Other examples include looking at ways of reusing or repurposing existing packaging or products. Maybe looking for longer-lasting products that have a durability that can be reused multiple times. So when it comes to events you could look at signage as one area to improve. It might not make sense to make everything compostable at the end of event but maybe choose materials which are both compostable and have durability that they can be reused at multiple events. Some events have reused metal lunch boxes instead of disposable as one product example or encouraged people to bring their own coffee cup and elimate any offer of a coffee cup on the day.

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As a material I think its great, its fast growing and strong and is an incredibly strong material. In other countries it is used in construction and it can be surprisingly heavy once it has grown to a good diameter.

The issue comes back to transparency and ensuring the sourced bamboo is grown in a positive way which is much harder to do. Added to that is of course the fact that you have to transport it a long way so you need to understand the carbon footprint. You can now get compostable coffee cups made from bamboo but is a paper based one going to have a lower footprint? Some materials and products are simply not available closer to the UK so it’s not always easy to find more local alternatives.

It can be hard to say how good it is without a comparison to look at, eg a cotton t-shirt versus a bamboo T-shirt.

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If you were going to transport the package then usually yes as it will massively reduce the carbon footprint in packaging. When I worked in product design you would consider the size of a pallet and shipping crate to maximise the product number and minimse the carbon footprint. If you can reduce the weight aswell as the packaging size then even better.

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That can be really hard to do. WRAP have great data and do amazing research on our recycling in the UK. But UK recycling is still really behind which is why for year we have been shipping it abroad as we produce more waste than we are able to handle.

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What first steps can businesses and anyone else planning to switch to more sustainable materials and packaging take? What do you recommend them to start doing first and using first?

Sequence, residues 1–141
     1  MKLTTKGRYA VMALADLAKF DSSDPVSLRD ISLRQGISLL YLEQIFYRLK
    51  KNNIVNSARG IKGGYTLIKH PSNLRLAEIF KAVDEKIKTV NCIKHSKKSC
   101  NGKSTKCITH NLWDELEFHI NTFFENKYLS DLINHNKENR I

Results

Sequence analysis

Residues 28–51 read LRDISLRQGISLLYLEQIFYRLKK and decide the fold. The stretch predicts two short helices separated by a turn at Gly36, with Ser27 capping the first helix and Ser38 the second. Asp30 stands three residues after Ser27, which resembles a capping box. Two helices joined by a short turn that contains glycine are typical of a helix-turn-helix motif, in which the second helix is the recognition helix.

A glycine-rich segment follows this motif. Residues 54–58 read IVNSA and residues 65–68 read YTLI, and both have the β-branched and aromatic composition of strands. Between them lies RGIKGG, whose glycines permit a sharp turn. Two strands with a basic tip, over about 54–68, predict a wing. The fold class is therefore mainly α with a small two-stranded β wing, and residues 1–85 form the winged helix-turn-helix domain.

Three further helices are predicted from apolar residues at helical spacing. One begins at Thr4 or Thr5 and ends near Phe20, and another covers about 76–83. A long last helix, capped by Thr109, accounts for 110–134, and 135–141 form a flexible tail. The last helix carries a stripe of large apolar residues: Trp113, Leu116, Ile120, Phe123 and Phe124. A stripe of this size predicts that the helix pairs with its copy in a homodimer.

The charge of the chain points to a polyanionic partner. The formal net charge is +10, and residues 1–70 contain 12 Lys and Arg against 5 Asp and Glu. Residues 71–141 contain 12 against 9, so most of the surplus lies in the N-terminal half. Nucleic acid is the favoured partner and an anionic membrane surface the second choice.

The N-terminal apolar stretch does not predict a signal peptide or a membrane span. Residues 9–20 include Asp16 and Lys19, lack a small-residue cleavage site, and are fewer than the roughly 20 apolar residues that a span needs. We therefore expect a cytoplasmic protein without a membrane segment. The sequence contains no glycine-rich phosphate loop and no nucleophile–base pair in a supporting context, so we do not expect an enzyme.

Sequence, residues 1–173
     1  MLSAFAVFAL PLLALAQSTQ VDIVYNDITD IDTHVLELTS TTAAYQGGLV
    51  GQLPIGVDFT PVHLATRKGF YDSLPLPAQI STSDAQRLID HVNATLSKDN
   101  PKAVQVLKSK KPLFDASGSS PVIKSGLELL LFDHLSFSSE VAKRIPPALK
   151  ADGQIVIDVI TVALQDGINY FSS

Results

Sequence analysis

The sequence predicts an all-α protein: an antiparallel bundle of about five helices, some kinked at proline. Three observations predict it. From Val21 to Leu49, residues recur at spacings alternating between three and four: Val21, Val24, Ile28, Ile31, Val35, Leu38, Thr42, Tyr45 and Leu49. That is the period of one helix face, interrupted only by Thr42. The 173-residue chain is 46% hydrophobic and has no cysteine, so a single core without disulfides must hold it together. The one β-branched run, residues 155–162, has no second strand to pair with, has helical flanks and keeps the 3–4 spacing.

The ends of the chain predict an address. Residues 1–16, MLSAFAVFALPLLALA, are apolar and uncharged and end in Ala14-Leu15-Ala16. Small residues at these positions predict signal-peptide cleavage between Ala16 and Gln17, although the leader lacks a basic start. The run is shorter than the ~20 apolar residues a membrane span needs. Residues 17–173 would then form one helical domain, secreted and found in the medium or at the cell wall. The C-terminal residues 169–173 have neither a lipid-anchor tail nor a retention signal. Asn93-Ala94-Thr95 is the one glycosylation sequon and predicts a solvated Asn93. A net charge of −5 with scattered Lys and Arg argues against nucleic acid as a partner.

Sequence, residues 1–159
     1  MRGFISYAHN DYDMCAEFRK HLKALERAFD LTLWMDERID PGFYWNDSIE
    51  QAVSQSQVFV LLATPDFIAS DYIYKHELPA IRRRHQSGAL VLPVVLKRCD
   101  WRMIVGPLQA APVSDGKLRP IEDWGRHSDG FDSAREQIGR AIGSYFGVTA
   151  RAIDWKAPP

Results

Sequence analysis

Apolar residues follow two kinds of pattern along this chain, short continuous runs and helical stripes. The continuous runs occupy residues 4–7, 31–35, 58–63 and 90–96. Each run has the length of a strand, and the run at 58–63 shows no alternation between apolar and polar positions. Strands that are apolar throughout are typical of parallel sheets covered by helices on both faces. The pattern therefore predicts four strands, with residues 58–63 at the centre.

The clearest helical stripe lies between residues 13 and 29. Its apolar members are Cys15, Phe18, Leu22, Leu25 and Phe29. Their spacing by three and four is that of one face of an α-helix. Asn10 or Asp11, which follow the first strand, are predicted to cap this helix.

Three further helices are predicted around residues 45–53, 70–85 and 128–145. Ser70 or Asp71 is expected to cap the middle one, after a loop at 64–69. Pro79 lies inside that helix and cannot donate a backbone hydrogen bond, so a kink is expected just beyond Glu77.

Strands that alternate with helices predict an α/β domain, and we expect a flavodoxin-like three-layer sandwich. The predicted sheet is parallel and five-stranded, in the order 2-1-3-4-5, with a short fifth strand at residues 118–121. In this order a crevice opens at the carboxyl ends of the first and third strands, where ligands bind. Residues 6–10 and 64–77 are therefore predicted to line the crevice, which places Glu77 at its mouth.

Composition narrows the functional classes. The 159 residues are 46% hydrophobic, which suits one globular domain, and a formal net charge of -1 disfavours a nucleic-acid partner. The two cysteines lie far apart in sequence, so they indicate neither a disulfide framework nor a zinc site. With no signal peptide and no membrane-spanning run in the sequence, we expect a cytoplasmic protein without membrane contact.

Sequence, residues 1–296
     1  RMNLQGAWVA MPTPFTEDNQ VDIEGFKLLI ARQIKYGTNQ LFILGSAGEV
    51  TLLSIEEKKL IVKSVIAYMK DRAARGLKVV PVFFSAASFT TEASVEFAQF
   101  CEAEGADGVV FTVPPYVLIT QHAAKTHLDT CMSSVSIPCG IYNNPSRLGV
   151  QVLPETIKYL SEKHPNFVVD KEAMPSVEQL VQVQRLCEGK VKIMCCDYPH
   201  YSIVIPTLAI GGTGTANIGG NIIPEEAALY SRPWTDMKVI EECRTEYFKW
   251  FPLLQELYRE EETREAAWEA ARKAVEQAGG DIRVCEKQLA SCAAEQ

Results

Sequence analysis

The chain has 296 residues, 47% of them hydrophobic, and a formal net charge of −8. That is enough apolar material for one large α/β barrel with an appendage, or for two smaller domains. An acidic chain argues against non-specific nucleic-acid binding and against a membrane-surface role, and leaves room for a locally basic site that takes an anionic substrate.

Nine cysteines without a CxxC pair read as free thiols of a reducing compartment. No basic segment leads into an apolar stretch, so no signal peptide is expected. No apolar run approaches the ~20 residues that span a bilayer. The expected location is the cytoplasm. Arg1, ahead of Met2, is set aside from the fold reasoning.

That definitely is an issue that we are facing here in the UK - shipping our recycling abroad.

What do you think the future of sustainable materials and packaging will look like? Are there any innovations that you are looking forward to seeing?

First step really is to look at what they are already doing and identify areas which can be improved. Identify what materials and packaging they are using and look for where the biggest impact can be made. Also talking to suppliers and understanding the supply chain to see where your products come from and finding out if your existing suppliers can help you make changes. Also a lot of people don’t consider what happens after you have used it. So find out from your waste disposal company what statistics they have. How much of your waste is recycled? Are there ways you can reduce your waste output or improve recycling?

One example I have was a company which had invested in coffee cup bins which separated the cup and the lid and had an area to pour the liquid. The people using the bin believed the waste was being recycled. the waste contractor however told me that they had never recycled any waste collected from the coffee cup bins as they were always contaminated with food waste. As a behavior, people use coffee cups as bins in meeting and training session so the cups would have tissues and wood stirrers in there. Also the cleaners hated emptying the bins as the liquid would be very smelly and they hadn’t been considered in the process. Understanding peoples behaviors and observing that can help businesses identify areas to make improvements too.

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I am excited about the materials which are reusing bi-products and waste materials to create materials, There have been companies working with egg shells from sandwich companies and orange skins from juicing companies. Coconut and hemp as materials both have so many uses. I am hopeful that Hemp will be grown more in the UK. Self-grown materials such as those based on mushrooms really interest me.

I am hoping the future will use materials and resources in a more considered and responsible way.

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That’s a wrap folks!

Thank you so much @Rose-TheCropClubCIC for a very insightful AMA about sustainable materials and packaging!

I have realised that there is a lot more to the process and with every single step we should continually be asking questions.

If you have any more questions to ask, please feel free to contact her at rose@legacy-events.com